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Inflammation of the pericardial sac from infection, MI (Dressler’s Syndrome), renal failure (uremia), etc.
S/S: Sudden onset of retrosternal chest pain exacerbated by inspiration, activity, and supine position; and relieved by leaning forward or sitting up; pericardial friction rub at left sternal border; tachycardia and tachypnea; low-grade fever.
DX: Chest x-ray and echocardiogram.
12 lead ECG: global (diffuse, widespread), concave ST segment elevation in most or all leads without reciprocal changes; tall, peaked T waves in all leads except aVR; PR depression; downsloping TP segment (Spodick's sign).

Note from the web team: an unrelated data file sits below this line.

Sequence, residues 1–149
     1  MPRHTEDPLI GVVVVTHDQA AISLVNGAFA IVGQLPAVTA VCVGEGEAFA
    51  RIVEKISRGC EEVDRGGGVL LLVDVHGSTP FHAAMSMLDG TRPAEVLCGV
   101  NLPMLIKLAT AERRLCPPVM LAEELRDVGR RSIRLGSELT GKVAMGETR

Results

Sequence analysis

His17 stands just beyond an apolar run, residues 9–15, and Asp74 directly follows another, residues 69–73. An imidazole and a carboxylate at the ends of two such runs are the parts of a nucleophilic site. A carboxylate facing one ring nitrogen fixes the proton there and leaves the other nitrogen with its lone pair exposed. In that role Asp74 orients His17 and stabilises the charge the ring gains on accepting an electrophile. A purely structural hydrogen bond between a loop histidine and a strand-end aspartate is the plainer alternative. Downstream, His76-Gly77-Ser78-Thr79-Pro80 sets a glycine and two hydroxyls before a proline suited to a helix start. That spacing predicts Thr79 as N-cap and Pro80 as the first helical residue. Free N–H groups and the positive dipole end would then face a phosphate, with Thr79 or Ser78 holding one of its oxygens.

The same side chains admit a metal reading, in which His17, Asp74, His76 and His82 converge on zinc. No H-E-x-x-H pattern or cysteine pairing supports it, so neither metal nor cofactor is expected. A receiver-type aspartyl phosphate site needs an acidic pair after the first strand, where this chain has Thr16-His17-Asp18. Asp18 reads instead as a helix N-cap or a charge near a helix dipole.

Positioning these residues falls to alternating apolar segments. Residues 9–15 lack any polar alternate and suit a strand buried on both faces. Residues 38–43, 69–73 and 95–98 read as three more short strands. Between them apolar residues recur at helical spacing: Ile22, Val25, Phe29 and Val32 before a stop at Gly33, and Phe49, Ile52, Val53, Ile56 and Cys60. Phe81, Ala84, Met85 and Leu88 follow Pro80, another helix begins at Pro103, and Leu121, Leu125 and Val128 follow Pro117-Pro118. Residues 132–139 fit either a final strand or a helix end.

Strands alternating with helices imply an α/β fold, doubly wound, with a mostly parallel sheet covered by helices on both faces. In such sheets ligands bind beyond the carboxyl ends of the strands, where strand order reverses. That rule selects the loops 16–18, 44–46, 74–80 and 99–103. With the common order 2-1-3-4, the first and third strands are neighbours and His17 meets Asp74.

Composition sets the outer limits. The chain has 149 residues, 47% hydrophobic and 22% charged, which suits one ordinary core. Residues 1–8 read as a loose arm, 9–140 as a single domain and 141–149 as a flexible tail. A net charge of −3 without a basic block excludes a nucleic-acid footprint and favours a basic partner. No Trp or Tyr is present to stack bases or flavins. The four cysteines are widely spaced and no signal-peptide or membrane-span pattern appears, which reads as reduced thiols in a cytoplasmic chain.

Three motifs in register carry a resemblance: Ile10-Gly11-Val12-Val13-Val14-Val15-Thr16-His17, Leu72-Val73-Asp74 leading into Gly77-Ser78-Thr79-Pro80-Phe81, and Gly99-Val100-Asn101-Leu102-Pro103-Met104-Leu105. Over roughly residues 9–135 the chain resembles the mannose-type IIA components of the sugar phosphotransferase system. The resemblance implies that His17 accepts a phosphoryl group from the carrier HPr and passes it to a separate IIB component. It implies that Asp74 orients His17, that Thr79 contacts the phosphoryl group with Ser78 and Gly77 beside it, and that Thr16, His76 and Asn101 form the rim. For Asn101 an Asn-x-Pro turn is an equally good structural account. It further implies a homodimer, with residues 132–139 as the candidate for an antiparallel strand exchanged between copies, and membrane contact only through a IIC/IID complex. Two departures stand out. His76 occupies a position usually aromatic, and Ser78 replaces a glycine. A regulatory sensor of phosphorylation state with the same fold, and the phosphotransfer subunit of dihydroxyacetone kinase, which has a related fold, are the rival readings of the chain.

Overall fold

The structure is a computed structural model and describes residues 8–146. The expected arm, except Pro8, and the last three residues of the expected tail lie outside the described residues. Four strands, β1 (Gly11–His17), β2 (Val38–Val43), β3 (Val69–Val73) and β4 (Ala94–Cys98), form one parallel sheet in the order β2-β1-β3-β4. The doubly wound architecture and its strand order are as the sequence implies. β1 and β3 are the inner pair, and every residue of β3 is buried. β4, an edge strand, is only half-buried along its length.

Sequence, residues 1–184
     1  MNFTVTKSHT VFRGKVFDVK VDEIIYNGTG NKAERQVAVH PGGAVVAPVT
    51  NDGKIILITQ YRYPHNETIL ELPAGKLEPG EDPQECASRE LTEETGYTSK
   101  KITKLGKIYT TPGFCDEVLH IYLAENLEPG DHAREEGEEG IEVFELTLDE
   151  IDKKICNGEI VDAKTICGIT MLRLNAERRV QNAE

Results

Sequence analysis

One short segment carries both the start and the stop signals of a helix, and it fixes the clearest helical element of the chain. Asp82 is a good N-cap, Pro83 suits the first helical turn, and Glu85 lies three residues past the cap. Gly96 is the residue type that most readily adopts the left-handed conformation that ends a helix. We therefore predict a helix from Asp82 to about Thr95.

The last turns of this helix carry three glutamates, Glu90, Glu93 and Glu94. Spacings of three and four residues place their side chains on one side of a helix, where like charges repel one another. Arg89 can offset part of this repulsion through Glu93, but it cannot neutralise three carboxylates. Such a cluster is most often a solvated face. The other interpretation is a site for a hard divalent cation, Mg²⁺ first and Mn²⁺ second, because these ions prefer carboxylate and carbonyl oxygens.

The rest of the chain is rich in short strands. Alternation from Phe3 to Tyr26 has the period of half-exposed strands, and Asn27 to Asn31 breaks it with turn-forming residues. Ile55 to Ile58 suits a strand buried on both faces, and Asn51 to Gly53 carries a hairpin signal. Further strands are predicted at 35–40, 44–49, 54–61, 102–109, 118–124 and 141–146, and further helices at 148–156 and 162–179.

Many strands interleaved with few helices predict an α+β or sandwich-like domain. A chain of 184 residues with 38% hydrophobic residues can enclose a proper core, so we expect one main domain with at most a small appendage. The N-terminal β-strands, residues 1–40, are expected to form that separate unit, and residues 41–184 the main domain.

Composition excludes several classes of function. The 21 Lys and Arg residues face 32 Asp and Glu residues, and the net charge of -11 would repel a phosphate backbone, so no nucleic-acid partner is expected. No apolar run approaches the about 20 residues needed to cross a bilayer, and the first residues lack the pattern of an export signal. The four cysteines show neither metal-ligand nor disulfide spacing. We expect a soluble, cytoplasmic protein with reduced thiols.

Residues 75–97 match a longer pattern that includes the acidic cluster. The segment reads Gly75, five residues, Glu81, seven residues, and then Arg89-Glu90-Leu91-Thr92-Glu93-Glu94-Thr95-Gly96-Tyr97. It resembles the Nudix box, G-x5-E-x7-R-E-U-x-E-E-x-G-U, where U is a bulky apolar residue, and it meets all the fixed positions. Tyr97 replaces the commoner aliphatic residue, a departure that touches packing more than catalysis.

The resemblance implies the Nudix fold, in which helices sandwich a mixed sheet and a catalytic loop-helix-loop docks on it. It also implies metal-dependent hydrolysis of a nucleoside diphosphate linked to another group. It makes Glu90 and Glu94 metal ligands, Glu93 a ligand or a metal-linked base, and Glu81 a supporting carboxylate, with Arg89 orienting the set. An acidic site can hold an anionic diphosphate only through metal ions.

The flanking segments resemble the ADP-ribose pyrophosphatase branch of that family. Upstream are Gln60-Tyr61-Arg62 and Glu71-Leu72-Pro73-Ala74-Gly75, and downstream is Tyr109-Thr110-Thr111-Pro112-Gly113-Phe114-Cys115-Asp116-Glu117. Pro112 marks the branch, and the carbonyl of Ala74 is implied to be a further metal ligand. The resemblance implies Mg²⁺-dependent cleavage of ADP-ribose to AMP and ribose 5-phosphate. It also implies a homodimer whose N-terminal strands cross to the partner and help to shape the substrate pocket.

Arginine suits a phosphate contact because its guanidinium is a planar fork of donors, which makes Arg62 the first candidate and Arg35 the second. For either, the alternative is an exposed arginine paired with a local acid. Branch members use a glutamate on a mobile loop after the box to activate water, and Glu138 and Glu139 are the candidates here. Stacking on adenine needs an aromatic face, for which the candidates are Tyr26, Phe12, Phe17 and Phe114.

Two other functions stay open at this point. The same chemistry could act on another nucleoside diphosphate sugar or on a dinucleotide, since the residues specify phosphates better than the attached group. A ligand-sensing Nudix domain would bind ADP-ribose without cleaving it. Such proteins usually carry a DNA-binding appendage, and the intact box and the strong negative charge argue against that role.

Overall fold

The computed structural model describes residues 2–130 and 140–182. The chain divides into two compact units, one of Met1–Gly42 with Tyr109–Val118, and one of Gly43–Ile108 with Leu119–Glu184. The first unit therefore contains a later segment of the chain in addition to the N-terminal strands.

TX: Anti-inflammatory agents (ibuprofen, aspirin, indocin, etc.), not NTG; allow to lean forward.
Monitor for cardiac tamponade, pleural effusion, constrictive pericarditis.
Dennison, Robin. Pass CCRN 4th ed., 2013.
Hazinski, M. (2015). 2015 handbook of emergency cardiovascular care for healthcare providers. Dallas, TX: American Heart Association.
Here’s the Rub: STEMI versus Pericarditis. Retrieved 12/22/19 from http://lifeinthefastlane.com/heres-the-rub-stemi-vs-pericarditis/
Kent, K. (2014). Adult CCRN Certification Review: Think in Questions, Learn by Rationale. New York: Springer Publishing Company.
Juarez, P. (2015). Barron's CCRN Exam.
Vonfrolio, Laura G., Critical Care Examination Review, 4th ed., 2015.